The Australian public wants Commonwealth, state and local governments to up their game in using technology to deliver services to customers.
Nearly all (99 per cent) of the Australians surveyed in an Australian Information Industry Association (AIIA) study believed they would benefit from government using the latest technology for service delivery. But few agreed that technology was being used very well at Commonwealth (16 per cent), state (14 per cent) and local (12 per cent) level.
The survey of more than a thousand Australians, conducted by Galaxy Research, found that respondents rated Commonwealth and state governments lowest in their ability to use technology to deliver services to their customers, compared to other industries.
Respondents rated government below almost every other industry for service delivery with technology included: banks and financial institutions (which 64 per cent of those surveyed agreed used technology well); online shopping sites (61 per cent); travel information and booking sites (48 per cent); telecommunications providers (39 per cent); entertainment sites (39 per cent); gas and electricity utilities (28 per cent); and health services (25 per cent).
“Australian consumers have always been credited as early adopters of new technology, which is consistent with our collective desire to see government using the latest technology,” said AIIA chief executive officer, Rob Fitzpatrick.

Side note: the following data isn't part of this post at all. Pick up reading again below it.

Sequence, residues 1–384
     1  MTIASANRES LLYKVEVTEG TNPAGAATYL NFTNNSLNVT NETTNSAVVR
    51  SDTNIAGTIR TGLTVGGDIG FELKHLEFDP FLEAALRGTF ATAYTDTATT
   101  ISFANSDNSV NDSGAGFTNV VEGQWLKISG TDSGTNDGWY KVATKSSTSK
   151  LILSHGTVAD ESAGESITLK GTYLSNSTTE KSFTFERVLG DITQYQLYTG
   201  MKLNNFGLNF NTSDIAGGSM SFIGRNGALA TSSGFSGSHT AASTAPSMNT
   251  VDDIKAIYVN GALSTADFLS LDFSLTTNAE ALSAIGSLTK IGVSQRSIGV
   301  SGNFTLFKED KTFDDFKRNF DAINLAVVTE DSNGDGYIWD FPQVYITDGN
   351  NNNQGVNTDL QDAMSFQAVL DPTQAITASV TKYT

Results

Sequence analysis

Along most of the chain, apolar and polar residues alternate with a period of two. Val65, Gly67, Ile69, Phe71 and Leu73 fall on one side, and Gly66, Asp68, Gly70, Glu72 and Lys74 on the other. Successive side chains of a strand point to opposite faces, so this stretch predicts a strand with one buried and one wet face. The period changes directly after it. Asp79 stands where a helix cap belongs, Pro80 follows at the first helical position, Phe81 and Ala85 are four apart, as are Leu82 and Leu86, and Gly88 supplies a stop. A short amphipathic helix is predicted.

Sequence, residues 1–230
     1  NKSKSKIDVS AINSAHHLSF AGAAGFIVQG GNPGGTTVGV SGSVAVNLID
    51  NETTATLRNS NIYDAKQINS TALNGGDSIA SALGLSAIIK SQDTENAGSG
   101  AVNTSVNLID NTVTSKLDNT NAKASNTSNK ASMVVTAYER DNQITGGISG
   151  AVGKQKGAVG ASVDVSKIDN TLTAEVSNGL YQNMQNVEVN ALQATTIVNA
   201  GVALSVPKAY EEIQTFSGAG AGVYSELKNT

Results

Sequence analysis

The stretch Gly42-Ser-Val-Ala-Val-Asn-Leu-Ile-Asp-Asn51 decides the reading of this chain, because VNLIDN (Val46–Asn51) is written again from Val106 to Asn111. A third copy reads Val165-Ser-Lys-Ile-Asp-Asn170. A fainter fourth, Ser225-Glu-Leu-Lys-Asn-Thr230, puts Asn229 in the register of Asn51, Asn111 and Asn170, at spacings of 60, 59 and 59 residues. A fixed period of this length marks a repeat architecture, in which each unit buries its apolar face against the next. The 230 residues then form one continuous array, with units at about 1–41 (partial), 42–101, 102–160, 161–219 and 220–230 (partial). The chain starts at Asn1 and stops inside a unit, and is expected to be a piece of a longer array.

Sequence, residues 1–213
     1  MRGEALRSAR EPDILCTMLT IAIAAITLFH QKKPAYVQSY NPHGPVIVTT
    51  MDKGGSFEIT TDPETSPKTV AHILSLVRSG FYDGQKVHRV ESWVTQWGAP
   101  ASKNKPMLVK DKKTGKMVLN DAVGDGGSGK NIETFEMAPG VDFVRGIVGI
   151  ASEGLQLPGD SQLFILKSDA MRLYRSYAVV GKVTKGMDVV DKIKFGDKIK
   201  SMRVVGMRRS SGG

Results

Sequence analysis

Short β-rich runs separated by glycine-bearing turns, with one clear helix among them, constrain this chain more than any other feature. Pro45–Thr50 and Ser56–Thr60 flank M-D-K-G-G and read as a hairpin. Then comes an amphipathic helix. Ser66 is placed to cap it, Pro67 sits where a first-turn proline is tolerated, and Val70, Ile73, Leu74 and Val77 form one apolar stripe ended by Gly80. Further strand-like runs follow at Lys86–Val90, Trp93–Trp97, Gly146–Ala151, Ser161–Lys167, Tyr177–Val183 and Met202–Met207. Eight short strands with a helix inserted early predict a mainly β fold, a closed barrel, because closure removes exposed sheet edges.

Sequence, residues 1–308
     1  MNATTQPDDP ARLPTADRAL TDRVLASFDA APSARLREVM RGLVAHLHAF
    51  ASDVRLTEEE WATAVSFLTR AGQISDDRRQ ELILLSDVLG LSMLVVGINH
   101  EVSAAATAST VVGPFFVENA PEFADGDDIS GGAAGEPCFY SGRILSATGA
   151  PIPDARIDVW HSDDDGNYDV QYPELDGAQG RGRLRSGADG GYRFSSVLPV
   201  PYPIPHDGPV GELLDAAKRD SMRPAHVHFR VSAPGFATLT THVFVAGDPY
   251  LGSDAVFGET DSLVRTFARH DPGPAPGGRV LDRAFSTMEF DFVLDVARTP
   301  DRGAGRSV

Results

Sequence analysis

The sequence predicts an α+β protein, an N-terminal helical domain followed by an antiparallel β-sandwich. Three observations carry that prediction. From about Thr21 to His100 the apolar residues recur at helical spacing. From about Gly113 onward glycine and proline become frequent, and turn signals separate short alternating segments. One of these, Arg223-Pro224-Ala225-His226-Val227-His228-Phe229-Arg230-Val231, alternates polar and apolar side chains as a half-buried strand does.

“Many expect to have the same experience engaging with government bodies as they would with their bank or an online shopping site. As technology advances, customer expectations keep changing, and it’s important that government keep pace,” he added.
The main benefits of government using latest technology to deliver services were reported as: to improve the quality and accuracy of the services it delivers (72 per cent), to personalise services to improve the convenience of dealing with government (55 per cent), to make it easier to prove identity to government online (51 per cent), and to do business with government online using any device at any time (51 per cent).
“What this result says to me is that even though there have been some misfires recently when it comes to execution, such as the Census outages and the Centrelink errors, Australians want the government to progress and improve its use of technology rather than regress back to the ‘old’ way of doing things,” Fitzpatrick said.
An average of almost two thirds of Australians (64 per cent) believe that best approach to government service delivery would come through a combination of automated channels and customer facing service personnel, with some slight variations depending on the demographic.
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